“The second year was very disappointing. Wexford beat us…but that sounds worse that it was. Wexford were a coming team, they had established themselves in Division 1 and ended up being very strong, got to an All-Ireland semi-final a couple of years afterwards. They were on very much an upwardly trajectory. In saying that, you’d be always disappointed to lose, I think by three or four points and then we had a six day turnaround to play Offaly. Offaly bet us in Newbridge by a goal at the end.
“We could have won both those games but by that stage the transition had really started. We were playing a lot of young players and they were finding their feet. There was a lot of very good players on that Under 21 team. The Under 21 All-Ireland semi-final wasn’t until September so that kept the summer going being involved with that team, but it was very disappointing to lose those two rounds,” he said.
It was a fine balancing act to bring through those Under 21 players while still trying to get the most out of players like Glenn Ryan and Brian Lacey who were just coming to the end of their time.
“They were terrific players, absolutely terrific players, and the mindset of terrific players is that they are always the best, that’s one of the characteristics that makes them the best. The manager’s job is get players like that to work for the team as best they can – and in fairness, they did. It’s a balancing act, you have decide whether it’s better to go with the older player or to give a younger player a go and let them get the experience under their belt. I would have made some decisions like that. I know Mick Foley was picked at centre back for the first time that year. People might have been surprised by that but down the road Mick Foley ended up picking up an All-Star so the potential was always there. I always felt that if you were good enough you were old enough, I was never afraid to throw in young lads and a lot of them went on to become absolutely top class players later on,” said Nolan.
Although Kildare were beaten by Offaly in Newbridge in that summer of 2004, it was a game were Johnny Doyle really stood out by scoring eight points and Nolan wasn’t surprised to see the player that the Allenwood man became.
“Johnny had a super work ethic. As he got more confident in himself he started to establish himself more. You could see that Johnny was prepared to work really hard to improve every year and he became an outstanding player altogether. Johnny was only 19 or 20 when he won his first Leinster and it probably took him another couple of years to really establish himself but he had a super career,” said Nolan.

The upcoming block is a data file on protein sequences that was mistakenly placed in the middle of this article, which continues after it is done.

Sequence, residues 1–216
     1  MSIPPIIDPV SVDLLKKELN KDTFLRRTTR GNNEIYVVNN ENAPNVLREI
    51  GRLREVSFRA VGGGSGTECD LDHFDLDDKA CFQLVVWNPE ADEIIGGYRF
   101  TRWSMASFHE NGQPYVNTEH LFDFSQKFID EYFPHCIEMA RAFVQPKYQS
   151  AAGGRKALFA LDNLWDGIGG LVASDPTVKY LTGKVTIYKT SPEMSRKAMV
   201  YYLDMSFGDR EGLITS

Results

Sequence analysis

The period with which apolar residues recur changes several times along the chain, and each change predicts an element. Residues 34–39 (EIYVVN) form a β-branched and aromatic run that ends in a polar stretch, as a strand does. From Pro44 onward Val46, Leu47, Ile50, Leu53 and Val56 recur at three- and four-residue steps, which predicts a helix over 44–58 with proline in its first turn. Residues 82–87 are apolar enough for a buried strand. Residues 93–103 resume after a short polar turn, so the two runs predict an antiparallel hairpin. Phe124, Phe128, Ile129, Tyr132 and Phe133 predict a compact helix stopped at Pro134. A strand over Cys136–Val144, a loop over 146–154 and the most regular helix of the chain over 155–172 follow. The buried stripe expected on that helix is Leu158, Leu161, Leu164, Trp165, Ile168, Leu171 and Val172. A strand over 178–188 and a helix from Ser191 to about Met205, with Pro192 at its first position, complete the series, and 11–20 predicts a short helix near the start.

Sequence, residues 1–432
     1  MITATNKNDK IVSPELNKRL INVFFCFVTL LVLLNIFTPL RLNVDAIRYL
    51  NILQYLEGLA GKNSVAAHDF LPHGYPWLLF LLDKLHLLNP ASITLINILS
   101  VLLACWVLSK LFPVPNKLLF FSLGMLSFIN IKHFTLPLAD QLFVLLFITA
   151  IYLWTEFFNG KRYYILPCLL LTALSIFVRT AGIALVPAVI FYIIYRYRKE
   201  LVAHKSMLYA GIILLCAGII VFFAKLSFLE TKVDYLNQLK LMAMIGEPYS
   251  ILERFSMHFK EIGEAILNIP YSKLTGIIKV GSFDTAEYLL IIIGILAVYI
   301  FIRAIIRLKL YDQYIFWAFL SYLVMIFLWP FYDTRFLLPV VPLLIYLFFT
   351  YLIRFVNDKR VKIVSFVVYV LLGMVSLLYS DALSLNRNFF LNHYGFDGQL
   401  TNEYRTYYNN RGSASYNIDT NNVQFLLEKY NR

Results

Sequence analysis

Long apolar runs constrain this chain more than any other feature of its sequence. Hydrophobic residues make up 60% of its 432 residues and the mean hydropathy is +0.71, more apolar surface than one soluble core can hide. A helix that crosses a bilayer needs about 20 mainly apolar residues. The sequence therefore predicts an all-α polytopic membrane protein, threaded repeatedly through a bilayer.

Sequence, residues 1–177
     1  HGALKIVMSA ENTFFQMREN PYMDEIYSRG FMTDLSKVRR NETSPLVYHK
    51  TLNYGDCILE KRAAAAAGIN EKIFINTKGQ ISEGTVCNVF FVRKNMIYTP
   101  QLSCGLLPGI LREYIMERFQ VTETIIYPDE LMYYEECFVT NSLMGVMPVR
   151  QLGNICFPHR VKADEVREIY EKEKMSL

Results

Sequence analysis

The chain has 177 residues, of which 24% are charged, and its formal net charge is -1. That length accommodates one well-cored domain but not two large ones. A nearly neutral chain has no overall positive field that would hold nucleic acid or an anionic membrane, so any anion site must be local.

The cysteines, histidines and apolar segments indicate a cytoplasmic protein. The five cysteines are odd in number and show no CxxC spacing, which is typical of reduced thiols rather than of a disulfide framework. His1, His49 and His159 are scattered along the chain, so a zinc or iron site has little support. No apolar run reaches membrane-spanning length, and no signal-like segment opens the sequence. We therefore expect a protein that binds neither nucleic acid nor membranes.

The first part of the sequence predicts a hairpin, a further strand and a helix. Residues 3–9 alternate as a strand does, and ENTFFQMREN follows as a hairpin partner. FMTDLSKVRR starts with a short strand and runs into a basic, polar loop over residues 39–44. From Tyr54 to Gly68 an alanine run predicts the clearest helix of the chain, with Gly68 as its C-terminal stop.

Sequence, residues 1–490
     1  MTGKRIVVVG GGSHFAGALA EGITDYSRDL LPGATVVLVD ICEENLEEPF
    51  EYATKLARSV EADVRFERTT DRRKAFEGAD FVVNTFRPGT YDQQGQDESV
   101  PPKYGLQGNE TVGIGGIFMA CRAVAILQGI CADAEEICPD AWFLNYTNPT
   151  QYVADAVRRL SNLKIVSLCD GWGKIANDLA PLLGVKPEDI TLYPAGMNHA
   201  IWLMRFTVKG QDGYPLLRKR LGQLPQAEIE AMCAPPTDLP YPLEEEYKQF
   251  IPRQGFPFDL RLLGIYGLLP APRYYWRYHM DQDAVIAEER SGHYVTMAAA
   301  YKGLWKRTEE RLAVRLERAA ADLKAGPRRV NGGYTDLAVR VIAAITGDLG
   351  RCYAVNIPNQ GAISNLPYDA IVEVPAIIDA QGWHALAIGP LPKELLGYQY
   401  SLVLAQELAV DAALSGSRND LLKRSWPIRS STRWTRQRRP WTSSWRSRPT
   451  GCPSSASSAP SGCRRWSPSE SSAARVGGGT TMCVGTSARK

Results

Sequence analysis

One player who barely featured during those first two seasons under Nolan was Dermot Earley. Due to a combination of reasons he only played one Championship but his unavailability was something that Nolan just had to accept.
“The first year he did his metatarsal so I didn’t really have him that year and I think he was away on army duty during the second year so I really only had him the last year. He would have been a super player to have but unfortunately they are the cards you are dealt and you just have to go with them,” he said.
2005 was another good year for the Under 21s but one of the defeats that still frustrates is the Leinster Final against Dublin that year. Ross Glavin scored a goal to put Kildare ahead very late on but Dublin came up with an even later equaliser before winning the replay.
“We drew with Dublin in Navan and we definitely should have won that game. They were a bit better than us in the replay, one only player that didn’t play in the drawn game that came into their team was Bernard Brogan at full forward and he made a huge difference. That drawn game was one we let slip, we had the game won going into injury time and I think we even had a free that could have won it right at the end. But it was a good breeding ground for those lads and a lot of them went on to have very good careers with the seniors,” said Nolan.
There was a youthful look to the Kildare senior team that summer and after almost coming unstuck against Wicklow they dethroned Paídí Ó Sé’s Westmeath as Leinster champions.
“I remember game against Wicklow in Croke Park in the first round. There are certain counties you are not supposed to lose against, with Offaly during my time we weren’t supposed to lose to Westmeath or Laois and luckily I made it through three years without losing to them. With Kildare, you don’t lose to Wicklow. To be honest, for 40 or 45 it looked like that could happen. I think it was Tadhg Fennin who got a goal with about ten minutes to go and we were lucky enough, we probably won comfortably enough in the end but for a good 60 minutes it was very close.
“Then we played Westmeath, who were Leinster champions at that time. I think we had a man sent off but beat them and that wouldn’t have been expected, it was a big win,” said Nolan.
But Kildare endured a nightmare against Laois in the semi-final, going down by 0-21 to 0-9 and defeat to Sligo in the Qualifiers a few weeks later brought an end to Nolan’s tenure.